As the conclusion of our study, we can tell that ozone gas disinfection of the cavity before the restoration does not effect microleakage. And we came to conclusion that SDR and new developed Glass Carbomer Cement have similar properties about microleakage. But we are in the opinion that long term clinical studies should be done in order to prove the validity of these results.

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    Figure 1: Stereo microscobe images of samples taken from each group (x57).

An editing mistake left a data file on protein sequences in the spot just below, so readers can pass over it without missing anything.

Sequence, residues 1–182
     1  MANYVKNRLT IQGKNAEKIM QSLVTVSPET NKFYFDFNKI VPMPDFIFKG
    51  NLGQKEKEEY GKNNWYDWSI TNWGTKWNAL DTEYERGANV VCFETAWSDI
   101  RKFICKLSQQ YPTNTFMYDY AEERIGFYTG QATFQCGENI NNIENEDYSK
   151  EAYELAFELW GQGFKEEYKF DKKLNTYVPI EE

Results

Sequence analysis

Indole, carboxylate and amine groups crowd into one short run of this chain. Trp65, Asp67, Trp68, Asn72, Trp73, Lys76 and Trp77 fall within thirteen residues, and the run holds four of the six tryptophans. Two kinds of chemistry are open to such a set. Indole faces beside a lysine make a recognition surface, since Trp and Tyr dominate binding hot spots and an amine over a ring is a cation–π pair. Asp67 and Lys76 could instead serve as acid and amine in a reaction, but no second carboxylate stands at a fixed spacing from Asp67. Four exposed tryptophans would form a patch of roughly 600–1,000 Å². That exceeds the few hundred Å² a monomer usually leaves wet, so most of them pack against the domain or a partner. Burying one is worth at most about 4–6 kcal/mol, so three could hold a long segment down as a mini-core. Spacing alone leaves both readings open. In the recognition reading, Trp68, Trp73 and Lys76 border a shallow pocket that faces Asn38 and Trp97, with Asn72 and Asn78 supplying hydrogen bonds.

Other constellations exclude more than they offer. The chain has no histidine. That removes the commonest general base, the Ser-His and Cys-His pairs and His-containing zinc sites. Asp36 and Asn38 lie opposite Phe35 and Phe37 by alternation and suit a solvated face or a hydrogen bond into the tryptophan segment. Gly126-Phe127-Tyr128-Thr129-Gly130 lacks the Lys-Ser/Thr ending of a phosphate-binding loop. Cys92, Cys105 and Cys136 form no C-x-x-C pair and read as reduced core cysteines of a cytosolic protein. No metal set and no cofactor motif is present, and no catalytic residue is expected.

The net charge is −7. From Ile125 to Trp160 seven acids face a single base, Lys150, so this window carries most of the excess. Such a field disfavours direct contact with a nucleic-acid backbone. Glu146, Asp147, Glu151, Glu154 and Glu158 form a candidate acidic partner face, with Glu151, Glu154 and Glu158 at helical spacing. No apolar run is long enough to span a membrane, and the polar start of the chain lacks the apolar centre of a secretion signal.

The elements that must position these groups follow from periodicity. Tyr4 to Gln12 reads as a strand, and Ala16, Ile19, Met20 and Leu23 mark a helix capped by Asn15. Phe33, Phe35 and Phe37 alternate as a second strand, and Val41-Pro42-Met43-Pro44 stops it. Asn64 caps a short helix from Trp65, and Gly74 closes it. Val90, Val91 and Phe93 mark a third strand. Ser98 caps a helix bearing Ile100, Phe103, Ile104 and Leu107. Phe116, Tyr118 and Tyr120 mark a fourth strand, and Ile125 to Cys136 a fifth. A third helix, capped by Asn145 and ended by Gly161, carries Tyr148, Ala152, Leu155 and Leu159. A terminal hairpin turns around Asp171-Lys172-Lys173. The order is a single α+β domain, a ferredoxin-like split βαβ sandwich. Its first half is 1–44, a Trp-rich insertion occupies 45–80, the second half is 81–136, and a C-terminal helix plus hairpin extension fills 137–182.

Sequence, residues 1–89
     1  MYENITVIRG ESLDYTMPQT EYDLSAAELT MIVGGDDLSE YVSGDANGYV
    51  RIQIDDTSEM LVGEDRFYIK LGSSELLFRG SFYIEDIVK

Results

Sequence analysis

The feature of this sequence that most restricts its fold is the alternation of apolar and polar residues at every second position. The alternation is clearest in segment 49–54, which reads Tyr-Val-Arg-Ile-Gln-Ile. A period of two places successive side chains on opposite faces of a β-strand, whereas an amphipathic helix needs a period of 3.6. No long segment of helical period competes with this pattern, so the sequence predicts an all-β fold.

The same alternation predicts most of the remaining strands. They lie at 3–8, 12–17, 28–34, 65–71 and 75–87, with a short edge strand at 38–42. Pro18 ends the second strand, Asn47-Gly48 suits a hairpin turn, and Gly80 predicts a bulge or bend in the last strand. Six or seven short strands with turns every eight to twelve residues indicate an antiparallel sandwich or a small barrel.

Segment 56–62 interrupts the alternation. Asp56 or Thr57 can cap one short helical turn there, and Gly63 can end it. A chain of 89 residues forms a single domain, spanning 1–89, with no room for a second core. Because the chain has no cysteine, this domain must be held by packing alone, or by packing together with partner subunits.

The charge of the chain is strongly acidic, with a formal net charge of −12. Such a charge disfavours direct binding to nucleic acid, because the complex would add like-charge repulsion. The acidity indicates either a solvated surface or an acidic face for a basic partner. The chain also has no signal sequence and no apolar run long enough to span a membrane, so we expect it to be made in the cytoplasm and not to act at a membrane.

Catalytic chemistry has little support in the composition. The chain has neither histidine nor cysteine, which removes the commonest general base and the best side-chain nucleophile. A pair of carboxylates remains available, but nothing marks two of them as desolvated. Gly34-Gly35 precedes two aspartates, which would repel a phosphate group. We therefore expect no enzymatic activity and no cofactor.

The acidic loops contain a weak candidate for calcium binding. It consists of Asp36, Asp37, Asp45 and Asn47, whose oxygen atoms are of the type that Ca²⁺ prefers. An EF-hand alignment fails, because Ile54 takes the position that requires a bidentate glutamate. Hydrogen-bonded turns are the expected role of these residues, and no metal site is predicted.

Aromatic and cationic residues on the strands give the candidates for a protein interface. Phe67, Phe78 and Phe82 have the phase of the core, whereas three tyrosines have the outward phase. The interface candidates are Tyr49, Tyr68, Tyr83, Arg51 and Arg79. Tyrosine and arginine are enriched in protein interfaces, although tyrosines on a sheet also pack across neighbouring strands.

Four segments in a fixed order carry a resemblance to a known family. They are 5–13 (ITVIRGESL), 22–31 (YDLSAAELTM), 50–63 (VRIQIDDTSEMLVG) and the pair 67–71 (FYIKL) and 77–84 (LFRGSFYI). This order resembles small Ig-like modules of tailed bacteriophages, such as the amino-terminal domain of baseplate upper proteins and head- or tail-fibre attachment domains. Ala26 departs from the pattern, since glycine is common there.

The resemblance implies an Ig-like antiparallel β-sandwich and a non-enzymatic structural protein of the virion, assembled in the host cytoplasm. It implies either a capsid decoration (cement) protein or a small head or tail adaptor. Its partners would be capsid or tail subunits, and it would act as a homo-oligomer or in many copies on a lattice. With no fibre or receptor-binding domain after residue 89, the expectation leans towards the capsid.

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    Figure 2: SEM images of the samples taken from each group (x1000).

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    Table 1: The criteria used in the evaluation leakage scores.

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    Table 2: The examination results obtained of microleakage values of the occlusal and gingivale margin line (O: Occlusal, G: Gingival).

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    Table 3: Statistical analysis of the results obtained from the main group occlusal and gingival margin leakage values.